The values underpin a simple business model: people pay $30 membership a year, or $4 to list an item. Four years after its inception, Rentoid already has 30,000 members. All of them have come through word of mouth. With Rentoid, people can rent anything, from boats and bass flutes. Someone is even offering to rent out his wife for house work, just $500 a week.

Shannon Cooper, who runs the business, says: “Our values are not only relevant to us but to our customers as well. We not only think about the things the company values but what our customers value as well. We use technology as a way of bringing people together.”

“If we have those values and if they are available to our customers, the business by default will be successful.”

He says companies need to ask themselves hard questions when formulating values, but in the end, most of them can do it.

“If you’re a BHP, you think about how BHP customers feel about the company and about the communications. I don’t think it’s as complex as many people like to make out.”

He says the manifesto was a document that was not developed as part of a strategy. It evolved naturally “rather than something we wrote on a weekend away in Byron Bay.”

Cooper acknowledges that keeping the values system going as the company grows and recruits wider will be a challenge but he is confident it can be done if they find people who also believe in the value system.

“It won’t be done like putting an ad on Seek, it will be more like a boyfriend coming around to meet a girlfriend’s parents for the first time,” Cooper says.

How values can affect business decisions

Virgin Blue’s core values of safety, innovation, value, quality, challenge, fun and caring are all aimed to build a deeper connection with customers and helping the company stand out in the market. As Richard Tanner, Virgin Blue’s group executive for people puts it, Virgin Blue with no values would be like any other airline.

“There is only so much you can differentiate around a round piece of metal with 100 or so seats in it,’’ Tanner says.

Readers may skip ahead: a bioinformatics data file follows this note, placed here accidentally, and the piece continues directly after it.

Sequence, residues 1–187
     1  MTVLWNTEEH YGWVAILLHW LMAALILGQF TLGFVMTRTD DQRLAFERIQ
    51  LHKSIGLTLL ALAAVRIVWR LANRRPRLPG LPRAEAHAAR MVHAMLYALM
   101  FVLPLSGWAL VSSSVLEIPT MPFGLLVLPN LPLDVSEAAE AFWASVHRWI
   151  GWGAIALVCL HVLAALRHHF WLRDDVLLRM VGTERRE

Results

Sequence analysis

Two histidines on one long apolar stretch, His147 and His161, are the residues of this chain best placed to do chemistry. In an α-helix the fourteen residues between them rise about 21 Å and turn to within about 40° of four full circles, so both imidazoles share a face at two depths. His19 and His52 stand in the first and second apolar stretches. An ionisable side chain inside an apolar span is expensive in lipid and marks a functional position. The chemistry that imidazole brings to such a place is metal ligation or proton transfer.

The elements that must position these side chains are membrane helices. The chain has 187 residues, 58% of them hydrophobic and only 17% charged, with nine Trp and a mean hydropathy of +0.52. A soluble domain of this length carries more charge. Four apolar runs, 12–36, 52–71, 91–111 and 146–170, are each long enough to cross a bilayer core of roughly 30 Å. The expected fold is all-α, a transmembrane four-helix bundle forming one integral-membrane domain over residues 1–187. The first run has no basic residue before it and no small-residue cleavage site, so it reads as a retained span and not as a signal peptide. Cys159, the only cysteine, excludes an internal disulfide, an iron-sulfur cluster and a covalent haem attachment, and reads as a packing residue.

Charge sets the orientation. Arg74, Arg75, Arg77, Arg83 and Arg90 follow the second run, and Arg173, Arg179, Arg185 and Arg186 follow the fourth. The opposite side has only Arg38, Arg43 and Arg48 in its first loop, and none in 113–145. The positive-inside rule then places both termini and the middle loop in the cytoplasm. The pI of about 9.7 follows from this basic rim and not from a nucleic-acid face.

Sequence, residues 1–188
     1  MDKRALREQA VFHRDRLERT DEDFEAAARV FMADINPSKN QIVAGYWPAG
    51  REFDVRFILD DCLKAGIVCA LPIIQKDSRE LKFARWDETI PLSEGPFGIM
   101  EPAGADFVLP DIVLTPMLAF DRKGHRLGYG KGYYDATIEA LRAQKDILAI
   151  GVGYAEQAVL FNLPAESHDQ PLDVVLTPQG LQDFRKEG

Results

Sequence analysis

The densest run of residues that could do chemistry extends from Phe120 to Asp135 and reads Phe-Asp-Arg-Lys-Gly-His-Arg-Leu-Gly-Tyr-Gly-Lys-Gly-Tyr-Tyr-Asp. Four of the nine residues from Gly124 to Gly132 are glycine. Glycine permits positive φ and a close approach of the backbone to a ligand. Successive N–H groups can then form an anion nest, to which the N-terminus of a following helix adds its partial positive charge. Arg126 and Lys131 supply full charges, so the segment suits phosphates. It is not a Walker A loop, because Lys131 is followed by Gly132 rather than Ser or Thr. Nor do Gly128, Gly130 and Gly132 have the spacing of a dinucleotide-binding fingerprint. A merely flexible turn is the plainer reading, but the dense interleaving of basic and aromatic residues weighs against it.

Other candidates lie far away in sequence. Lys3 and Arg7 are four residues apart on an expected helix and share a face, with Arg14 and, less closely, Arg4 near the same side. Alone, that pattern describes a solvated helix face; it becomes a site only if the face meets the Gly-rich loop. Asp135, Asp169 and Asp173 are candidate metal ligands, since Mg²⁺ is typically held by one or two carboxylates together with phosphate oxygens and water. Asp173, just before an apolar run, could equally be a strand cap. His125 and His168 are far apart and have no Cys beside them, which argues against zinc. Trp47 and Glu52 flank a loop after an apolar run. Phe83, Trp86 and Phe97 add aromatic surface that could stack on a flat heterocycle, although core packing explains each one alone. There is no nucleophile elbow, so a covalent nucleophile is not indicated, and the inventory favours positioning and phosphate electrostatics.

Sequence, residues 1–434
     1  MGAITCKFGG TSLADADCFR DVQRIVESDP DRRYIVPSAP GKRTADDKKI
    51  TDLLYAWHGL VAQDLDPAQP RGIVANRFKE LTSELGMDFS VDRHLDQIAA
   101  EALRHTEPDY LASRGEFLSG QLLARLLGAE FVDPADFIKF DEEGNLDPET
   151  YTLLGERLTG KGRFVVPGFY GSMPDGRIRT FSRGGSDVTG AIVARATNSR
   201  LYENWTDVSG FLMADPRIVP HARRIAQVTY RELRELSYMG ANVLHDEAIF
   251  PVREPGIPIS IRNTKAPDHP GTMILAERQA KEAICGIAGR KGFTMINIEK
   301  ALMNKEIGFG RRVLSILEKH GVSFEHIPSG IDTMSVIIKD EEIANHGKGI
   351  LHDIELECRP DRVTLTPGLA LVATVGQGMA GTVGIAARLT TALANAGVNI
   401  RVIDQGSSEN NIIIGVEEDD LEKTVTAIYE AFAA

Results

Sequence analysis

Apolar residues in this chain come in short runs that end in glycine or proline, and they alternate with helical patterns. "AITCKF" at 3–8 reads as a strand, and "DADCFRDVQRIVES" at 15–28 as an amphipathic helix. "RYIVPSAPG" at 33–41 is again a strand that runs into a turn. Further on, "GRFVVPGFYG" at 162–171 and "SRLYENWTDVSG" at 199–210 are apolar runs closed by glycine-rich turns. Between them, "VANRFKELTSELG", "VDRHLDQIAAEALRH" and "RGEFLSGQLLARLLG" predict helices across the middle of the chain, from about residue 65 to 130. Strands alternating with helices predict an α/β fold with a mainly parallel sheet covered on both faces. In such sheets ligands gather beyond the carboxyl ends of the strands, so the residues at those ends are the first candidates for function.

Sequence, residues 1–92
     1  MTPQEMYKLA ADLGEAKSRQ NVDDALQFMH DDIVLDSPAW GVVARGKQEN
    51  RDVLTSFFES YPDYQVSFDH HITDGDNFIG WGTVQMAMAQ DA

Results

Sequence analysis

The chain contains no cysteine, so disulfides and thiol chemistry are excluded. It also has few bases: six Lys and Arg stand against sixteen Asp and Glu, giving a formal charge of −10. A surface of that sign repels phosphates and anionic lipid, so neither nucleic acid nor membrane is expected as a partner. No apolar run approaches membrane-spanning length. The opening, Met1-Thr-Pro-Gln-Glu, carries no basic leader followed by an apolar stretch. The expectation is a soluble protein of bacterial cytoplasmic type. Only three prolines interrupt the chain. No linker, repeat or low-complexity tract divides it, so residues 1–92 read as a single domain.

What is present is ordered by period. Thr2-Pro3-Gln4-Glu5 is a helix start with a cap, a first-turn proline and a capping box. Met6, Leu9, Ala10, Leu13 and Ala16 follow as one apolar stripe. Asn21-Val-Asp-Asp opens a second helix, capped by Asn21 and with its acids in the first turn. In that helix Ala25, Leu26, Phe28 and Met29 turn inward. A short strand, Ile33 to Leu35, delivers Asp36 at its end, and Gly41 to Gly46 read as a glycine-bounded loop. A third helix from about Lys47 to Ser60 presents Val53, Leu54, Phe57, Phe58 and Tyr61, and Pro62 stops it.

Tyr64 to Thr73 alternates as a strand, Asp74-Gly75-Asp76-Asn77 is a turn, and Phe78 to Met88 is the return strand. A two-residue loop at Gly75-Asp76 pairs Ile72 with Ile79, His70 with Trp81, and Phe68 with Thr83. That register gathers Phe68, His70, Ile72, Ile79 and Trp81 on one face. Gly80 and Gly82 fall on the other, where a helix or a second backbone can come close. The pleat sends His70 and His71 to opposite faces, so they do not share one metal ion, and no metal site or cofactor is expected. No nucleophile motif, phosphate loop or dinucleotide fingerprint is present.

“Essentially they are all the same but what we try to do is innovate wherever we can.”

The company recruits people who embrace the values and trains them over eight weeks. That includes scripts, role play, teaching trainees how to use their voice, how to wear the uniform and with women, how to put on make-up. Staff members are also encouraged to show their flair. By teaching them how to use their own style to handle situations, it becomes more personal.

Even the uniforms are designed to highlight the values.

“With the others, they don’t tend to have much red in them,’’ Tanner says.

“They are usually not as casual as ours in terms of open neck and short sleeves. That says something about who we are. And at the same time, they are immaculately presented, with not a hair out of place.

“The core differentiator  of Virgin Blue to the other Australian carriers is our crew. They are more connected to the guests, they do look like they enjoy their jobs more, they do help you more, they are more engaging and on balance they are a better presented group of people.

“We recruit as best we can to fit the brand, we train well to ensure the focus is predominantly on customer service.

When it comes to hard business decisions, Virgin Blue claims to have an eye on its values. Last year during the height of the global financial crisis, for example, there was speculation the airline would sack 400 staff. Tanner says that forced Virgin Blue to look at the problem through the prism of its values.

“Because of our values, it was our view it was not acceptable to us to cut 400 heads out of the business. We needed to find a more innovative way.’’

Airline management went to staff members who came back with such ideas as job sharing, more part time work and leave without pay. A crisis was averted.
“As a result, we didn’t have any redundancies because of the GFC and we have been able to bring those people back into work as we have come out of all of that. That is an example of our values in action.”

Values are not window dressing. They can attract customers and quality staff. But as Atlassian, Virgin Blue and Rentoid have shown, it can only happen when the company makes an effort to incorporate it into the operations.

Otherwise, it really is just fluff.